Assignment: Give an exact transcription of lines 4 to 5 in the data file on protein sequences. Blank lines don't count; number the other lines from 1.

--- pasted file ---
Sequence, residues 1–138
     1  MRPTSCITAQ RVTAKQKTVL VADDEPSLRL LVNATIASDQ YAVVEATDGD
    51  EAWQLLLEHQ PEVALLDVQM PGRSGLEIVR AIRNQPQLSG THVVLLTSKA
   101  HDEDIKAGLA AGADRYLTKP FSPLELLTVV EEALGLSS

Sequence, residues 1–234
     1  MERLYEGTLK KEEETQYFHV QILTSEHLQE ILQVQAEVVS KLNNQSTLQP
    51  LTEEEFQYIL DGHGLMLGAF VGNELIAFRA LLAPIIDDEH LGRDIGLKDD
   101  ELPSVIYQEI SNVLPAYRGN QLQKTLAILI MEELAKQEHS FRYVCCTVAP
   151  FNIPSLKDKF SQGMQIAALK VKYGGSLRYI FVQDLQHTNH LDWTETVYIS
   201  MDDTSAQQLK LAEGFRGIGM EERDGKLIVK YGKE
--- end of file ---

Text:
   101  HDEDIKAGLA AGADRYLTKP FSPLELLTVV EEALGLSS

Sequence, residues 1–234